New Balance 870v5 Intro
Coming back from a four-year hiatus is the New Balance 870v5, a lightweight stability trainer meant to be an everyday trainer built for speed and distance. This is the fifth edition of the shoe.
New balance has developed many new technologies and even lines of new running shoes since the last 870 came out, so to bring it back must mean they felt like they were missing something.
The 870v5 is part of New Balance’s 800 series. The 800 series consists of two neutral offerings (880 and 890) and two stability trainers (860 and 870).
The 860 provides moderate stability while the 870 is the lightweight stability option.
The 870v5 competes with the ASICS Gel DS Trainer, Saucony Liberty Iso, and Brooks Asteria retailing for $110. All of these provide comparable stability to 870v5. They all are lightweight stability trainers.
New Balance 870v5 First Impressions
Upon the first glance out of the box, they instantly looked like shoes I could wear both out on a run and around town running errands.
The design was simple yet sleek with an upper of primarily black with some hints of gray sprinkled in.
If you look closely, you will see some patterns and depth throughout the upper. This added much needed visual interest to otherwise black shoe.
When I slipped them on the first time I was surprised by the firmness of them. I know I would need to adapt some to the 870v5 because I have been running in moderate to max stability trainers for the last year.
Along with the firmness, I felt there was also a stiffness to the shoes. I wore these around the house and to work a couple of times before I did my first run in them.
My first run out of the box was a relaxed 6 miles outside. It was a firm and stiff ride with a little extra pressure on my arch due to the fit of the shoe.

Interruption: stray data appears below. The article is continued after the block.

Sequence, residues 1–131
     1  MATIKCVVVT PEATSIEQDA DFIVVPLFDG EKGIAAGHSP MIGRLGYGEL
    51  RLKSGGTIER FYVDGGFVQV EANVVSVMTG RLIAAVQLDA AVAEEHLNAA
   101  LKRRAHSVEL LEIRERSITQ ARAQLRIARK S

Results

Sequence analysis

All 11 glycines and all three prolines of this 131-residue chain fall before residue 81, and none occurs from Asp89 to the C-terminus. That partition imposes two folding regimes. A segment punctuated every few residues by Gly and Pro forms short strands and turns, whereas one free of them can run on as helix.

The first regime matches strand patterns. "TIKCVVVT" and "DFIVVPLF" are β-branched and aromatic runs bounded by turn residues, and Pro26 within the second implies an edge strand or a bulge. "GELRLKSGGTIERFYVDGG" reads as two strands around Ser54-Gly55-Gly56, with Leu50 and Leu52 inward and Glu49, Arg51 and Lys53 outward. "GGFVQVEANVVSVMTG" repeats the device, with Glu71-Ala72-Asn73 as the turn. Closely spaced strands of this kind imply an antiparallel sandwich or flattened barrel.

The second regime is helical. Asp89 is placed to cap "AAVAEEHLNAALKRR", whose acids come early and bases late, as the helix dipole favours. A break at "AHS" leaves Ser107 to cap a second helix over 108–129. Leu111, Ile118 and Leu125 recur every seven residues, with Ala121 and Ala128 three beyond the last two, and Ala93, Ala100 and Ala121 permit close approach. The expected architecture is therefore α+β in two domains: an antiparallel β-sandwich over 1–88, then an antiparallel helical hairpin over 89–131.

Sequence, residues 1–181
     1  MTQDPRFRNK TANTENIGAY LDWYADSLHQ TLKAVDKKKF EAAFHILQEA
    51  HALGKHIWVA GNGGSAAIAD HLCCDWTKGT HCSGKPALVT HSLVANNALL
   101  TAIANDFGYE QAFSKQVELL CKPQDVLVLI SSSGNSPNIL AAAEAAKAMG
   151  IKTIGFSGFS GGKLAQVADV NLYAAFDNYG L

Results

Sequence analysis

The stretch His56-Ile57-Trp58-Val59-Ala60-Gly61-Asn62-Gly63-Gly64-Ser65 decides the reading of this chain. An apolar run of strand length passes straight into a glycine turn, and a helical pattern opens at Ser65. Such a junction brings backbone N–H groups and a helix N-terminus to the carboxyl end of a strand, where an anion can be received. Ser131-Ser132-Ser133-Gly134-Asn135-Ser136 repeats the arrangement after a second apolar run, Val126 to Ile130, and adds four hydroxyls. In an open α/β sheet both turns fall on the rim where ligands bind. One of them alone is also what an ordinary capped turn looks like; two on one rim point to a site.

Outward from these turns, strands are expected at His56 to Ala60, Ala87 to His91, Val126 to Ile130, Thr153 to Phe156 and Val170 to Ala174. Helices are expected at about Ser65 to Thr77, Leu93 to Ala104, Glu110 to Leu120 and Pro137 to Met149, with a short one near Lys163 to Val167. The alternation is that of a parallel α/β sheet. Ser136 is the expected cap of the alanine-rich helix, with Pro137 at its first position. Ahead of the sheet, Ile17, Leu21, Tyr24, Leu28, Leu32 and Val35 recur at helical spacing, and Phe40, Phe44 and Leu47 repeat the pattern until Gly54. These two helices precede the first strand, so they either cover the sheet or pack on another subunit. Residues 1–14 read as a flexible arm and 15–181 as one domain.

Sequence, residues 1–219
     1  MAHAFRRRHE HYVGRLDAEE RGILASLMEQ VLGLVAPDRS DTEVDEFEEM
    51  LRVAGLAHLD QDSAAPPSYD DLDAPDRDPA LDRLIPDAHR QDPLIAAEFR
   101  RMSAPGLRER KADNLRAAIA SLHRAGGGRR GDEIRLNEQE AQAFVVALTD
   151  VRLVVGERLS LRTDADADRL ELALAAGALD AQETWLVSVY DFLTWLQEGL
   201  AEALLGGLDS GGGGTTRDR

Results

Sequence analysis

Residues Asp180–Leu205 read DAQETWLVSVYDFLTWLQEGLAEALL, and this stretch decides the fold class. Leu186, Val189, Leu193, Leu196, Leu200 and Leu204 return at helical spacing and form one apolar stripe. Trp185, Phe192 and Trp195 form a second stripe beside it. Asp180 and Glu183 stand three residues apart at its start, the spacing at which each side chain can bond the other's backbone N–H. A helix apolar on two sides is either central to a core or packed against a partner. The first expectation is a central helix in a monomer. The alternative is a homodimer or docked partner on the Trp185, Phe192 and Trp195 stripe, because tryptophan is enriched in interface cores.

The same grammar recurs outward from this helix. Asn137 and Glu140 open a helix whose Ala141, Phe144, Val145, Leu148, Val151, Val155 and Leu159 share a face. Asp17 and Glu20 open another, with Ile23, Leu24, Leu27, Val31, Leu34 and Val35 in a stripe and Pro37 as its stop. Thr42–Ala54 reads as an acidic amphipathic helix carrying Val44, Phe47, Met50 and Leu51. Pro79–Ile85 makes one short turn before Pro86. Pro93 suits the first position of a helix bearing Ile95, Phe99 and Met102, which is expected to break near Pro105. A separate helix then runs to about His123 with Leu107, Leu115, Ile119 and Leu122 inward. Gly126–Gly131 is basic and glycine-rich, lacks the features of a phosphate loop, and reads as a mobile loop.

I was hoping this wasn’t a sign of what was to come with the New Balance 870v5.
New Balance 870v5 Sole Unit
Let’s start from the ground up. The outsole of the New Balance 870v5 looks quite a bit different from the previous version. The outsole is made from EVA ground contact outsole which is a durable material used in many running shoes.
Rubber pods have been added in areas of the outsole to increase durability. These are the gray areas of the outsole. They are located in the forefoot and on the medial side running from the arch to the heel.
The outsole thread did struggle with traction in wet conditions or non-road terrain.
The sole unit of the New Balance 870v5 is comprised of two parts, Ground Contact RevLite, and a medial post. The midsole is made from Ground Contact RevLite, a lightweight, responsive foam compound.
This compound gives you a firm foundation that is responsive but lacks energy return on the toe-off. This results in your legs needing a little more recovery time.
The medial post is made from a higher density foam. The medial post sits between the arch and heel of the foot. This medial post’s location took some miles getting used to because of how firm it was.
Because of the location and height of it can make for an uncomfortable ride. This discomfort went away after they were broken in which came 20 or so miles in. Once they were broken in they provided stability needed on any run.
These two work together to make the 870v5 a responsive ride. The heel to toe drop in the 870 is 6 mm.
This is a strength of the sole unit because it makes for smoother transition from strike to toe off along with allowing you to run at a faster pace more comfortably.
New Balance 870v5 Upper Unit
The upper of the New Balance 870v5 looks and feels quite different than the previous version. This is a result of the 4 years between the two editions and all the new technology New Balance has developed since then.